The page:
Recent Brent Crude Prices:

  • 3 December 2019 (pre-OPEC meeting): US$61/b
  • 6 December 2019 (post-OPEC meeting): US$64/b
  • 6 January 2019 (post-assassination of Qaseem Soleimani): US$70/b
  • 10 January 2019 (post-Iranian missile strikes): US$65/b

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Royal Dutch Shell Poised To Become Just Shell

On 10 December 2021, if all goes to plan Royal Dutch Shell will become just Shell. The energy supermajor will move its headquarters from The Hague in The Netherlands to London, UK. At least three-quarters of the company’s shareholders must vote in favour of the change at the upcoming general meeting, which has been sold by Shell as a means of simplifying its corporate structure and better return value to shareholders, as well as be ‘better positioned to seize opportunities and play a leading role in the energy transition’. In doing so, it will no longer meet Dutch conditions for ‘royal’ designation, dropping a moniker that has defined the company through decades of evolution since 1907.

But why this and why now?

There is a complex web of reasons why, some internal and some external but the ultimate reason boils down to improving growth sustainability. Royal Dutch Shell was born through the merger of Shell Transport and Trading Company (based in the UK) and Royal Dutch (based in The Netherlands) in 1907, with both companies engaging in exploration activities ranging from seashells to crude oil. Unified across international borders, Royal Dutch Shell emerged as Europe’s answer to John D Rockefeller’s Standard Oil empire, as the race to exploit oil (and later natural gas) reserves spilled out over the world. Along the way, Royal Dutch Shell chalked up a number of achievements including establishing the iconic Brent field in the North Sea to striking the first commercial oil in Nigeria. Unlike Standard Oil which was dissolved into 34 smaller companies in 1911, Royal Dutch Shell remained intact, operating as two entities until 2005, when they were finally combined in a dual-nationality structure: incorporated in the UK, but residing in the Netherlands. This managed to satisfy the national claims both countries make on the supermajor, second only to ExxonMobil in revenue and profits but proved to be costly to maintain. In 2020, fellow Anglo-Dutch conglomerate Unilever also ditched its dual structure, opting to be based fully out of the City of London. In that sense, Shell is following the direction of the wind, as forces in its (soon to be former) home country turn sour.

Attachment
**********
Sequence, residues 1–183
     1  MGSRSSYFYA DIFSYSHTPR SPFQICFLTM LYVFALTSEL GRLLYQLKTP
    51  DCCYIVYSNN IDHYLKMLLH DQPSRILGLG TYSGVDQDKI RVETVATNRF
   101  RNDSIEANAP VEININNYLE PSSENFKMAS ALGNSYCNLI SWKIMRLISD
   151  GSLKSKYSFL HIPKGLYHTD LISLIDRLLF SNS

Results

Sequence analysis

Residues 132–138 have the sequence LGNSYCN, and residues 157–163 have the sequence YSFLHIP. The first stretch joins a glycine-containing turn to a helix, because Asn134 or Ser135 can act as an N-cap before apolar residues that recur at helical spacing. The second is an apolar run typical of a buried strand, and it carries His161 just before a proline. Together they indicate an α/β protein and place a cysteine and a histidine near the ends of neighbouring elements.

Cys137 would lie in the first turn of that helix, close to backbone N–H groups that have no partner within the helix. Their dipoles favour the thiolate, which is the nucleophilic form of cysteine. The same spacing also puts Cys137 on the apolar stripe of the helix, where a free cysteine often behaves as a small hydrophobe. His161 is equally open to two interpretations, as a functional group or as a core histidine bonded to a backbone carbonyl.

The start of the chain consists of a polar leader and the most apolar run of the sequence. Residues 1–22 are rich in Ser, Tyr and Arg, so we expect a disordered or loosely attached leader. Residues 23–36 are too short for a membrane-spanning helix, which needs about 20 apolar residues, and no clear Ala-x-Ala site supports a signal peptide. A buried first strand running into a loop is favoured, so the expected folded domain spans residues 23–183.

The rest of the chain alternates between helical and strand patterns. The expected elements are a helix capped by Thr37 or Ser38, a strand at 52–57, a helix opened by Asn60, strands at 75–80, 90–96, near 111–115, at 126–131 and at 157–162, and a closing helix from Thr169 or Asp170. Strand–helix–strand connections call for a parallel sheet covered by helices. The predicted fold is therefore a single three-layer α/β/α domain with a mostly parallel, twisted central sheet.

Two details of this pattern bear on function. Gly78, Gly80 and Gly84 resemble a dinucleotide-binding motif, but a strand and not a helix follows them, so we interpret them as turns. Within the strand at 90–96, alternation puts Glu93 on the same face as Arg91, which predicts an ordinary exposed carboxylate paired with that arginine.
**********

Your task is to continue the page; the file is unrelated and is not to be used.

There is a specific grievance that Royal Dutch Shell has with the Dutch government, the 15% dividend tax collected for Dutch-domiciled companies. It is the reason why Unilever abandoned Rotterdam and is now the reason why Shell is abandoning The Hague. And this point is particularly existentialist for Shell, since its share prices has been battered in recent years following the industry downturn since 2015, the global pandemic and being in the crosshairs of climate change activists as an emblem of why the world’s average temperatures are going haywire. The latter has already caused the largest Dutch state pension fund ABP to stop investing in fossil fuels, thereby divesting itself of Royal Dutch Shell. This was largely a symbolic move, but as religious figures will know, symbols themselves carry much power. To combat this, Shell has done two things. First, it has positioned itself to be at the forefront of energy transition, announcing ambitious emissions reductions plans in line with its European counterparts to become carbon neutral by 2050. Second, it is looking to bump up its dividend payouts after slashing them through the depths of the Covid-19 pandemic and accelerating share buybacks to remain the bluest of blue-chip stocks. But then, earlier this year, a Dutch court ruled that Shell’s emissions targets were ‘not ambitious enough’, ordering a stricter aim within a tighter timeframe. And the 15% dividend tax remains – even though Prime Minister Mark Rutte’s coalition government has been attempting to scrap it, with (it is presumed) some lobbying from Royal Dutch Shell and Unilever.